Ultimately, lack of clarity about which man ran what part of the state apparatus “could not but lead to a collision of authority,” Tokayev said.
In the days after the unrest of early January 2022 — the Bloody January events, as they are known — Tokayev sought to lay the blame for what had happened at the feet of thousands of marauding “bandits and terrorists.”
His narrative has since shifted. Parts of the picture he now lays out do not differ strongly with what has been described by independent observers.
“In my opinion, many years of unresolved social and economic problems and an overall stagnation, which fed into the degradation of the government and society, led to the tragic January events,” Tokayev told Egemen Kazakhstan.
Developing on that theme, he argued that violent elements then exploited the turbulence to further their own ends. Tokayev stops short of explicitly accusing Nazarbayev associates of direct involvement in that aspect of the events, which claimed at least 238 lives, but he allows that those individuals had grown increasingly discomfited by his increasing independence.
That turmoil reached such intensity that Tokayev was one stage compelled to appeal for help from the Russian-led Collective Security Treaty Organization military bloc. By the time Russian troops, among others, were patrolling the streets of Almaty, where the worst violence unfolded, the trouble had all but ended.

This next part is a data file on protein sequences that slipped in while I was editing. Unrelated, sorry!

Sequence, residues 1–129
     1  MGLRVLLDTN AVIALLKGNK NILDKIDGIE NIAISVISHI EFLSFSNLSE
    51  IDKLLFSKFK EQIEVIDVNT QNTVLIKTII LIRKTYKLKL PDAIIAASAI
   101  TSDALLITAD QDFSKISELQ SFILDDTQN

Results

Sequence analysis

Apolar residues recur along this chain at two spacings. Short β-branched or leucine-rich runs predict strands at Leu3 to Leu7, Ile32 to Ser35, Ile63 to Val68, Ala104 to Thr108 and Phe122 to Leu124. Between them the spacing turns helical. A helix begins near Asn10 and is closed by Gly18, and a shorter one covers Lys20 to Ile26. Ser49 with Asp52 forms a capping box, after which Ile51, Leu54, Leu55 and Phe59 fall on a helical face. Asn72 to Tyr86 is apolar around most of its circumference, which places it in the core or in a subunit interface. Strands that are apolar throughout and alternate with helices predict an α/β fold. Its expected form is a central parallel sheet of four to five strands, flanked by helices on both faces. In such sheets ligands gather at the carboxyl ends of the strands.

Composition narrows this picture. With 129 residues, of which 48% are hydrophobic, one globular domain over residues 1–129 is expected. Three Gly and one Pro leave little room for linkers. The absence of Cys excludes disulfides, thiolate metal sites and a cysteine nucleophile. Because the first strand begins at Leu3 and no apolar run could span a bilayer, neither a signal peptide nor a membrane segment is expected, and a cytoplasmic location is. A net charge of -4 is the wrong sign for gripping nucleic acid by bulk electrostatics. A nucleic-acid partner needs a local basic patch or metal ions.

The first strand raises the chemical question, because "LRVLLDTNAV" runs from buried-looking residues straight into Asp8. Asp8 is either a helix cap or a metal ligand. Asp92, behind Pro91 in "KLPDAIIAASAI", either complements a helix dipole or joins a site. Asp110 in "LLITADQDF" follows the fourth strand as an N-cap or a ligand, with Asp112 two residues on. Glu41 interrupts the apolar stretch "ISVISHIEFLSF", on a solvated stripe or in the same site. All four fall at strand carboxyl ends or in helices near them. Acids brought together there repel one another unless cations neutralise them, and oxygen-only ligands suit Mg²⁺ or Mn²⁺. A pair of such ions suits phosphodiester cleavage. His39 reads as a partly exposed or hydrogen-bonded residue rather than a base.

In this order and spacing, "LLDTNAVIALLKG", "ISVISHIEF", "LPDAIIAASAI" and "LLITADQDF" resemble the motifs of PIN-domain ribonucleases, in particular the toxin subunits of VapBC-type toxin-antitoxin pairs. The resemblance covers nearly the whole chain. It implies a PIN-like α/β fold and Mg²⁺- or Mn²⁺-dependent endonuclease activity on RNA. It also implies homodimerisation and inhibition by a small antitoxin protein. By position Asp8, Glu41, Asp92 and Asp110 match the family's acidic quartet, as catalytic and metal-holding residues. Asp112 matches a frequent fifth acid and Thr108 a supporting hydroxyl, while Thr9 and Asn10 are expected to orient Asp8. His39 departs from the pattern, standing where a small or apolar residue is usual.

This turn of events has been seized upon by strongly divergent camps of Tokayev critics. One contends that the president compromised Kazakh sovereignty by inviting foreign troops to deal with a domestic crisis. The other, namely the one made up of Russian ultra-patriots, bristles at its sense of Tokayev as an insufficiently slavish and grateful recipient of Moscow’s security guarantees.
In his interview to Egemen Kazakstan, Tokayev makes it clear that he is weary of the brickbats of Russian propagandists.
“I emphasize, the appeal was made not to Russia, but to the CSTO, of which Kazakhstan is a member,” he said, noting that Armenian, Belarusian, Kyrgyz and Tajik troops were also involved in efforts to preserve order.
Addressing speculation about future plans, Tokayev dismissed recently circulating rumors that he intends to hold snap presidential elections in 2026 and thereby extend his time in office. Under the current rules, he is required to step aside at the end of his current seven-year term, which runs until 2029.
As the Egemen Kazakstan interview was still hot off the presses, the president’s most senior advisor, Yerlan Karin, took to Telegram to cast it as a declaration of intent to reject the past and instead focus on the future.
Also writing on Telegram, Shalkar Nurseitov, the executive director of the Center for Political Solutions, saw the interview in more pragmatic terms.
“First of all, he is now the main figure in top-tier politics in Kazakhstan. Secondly, [the January events should be seen as] the work of so-called ‘old Kazakhstan,’” Nurseitov wrote. “Third, he has good relations with [Russian President Vladimir] Putin, [Chinese leader] Xi Jinping and Western leaders, and he is the main architect of today’s multi-vector policy of Kazakhstan.”
Almaz Kumenov is an Almaty-based journalist.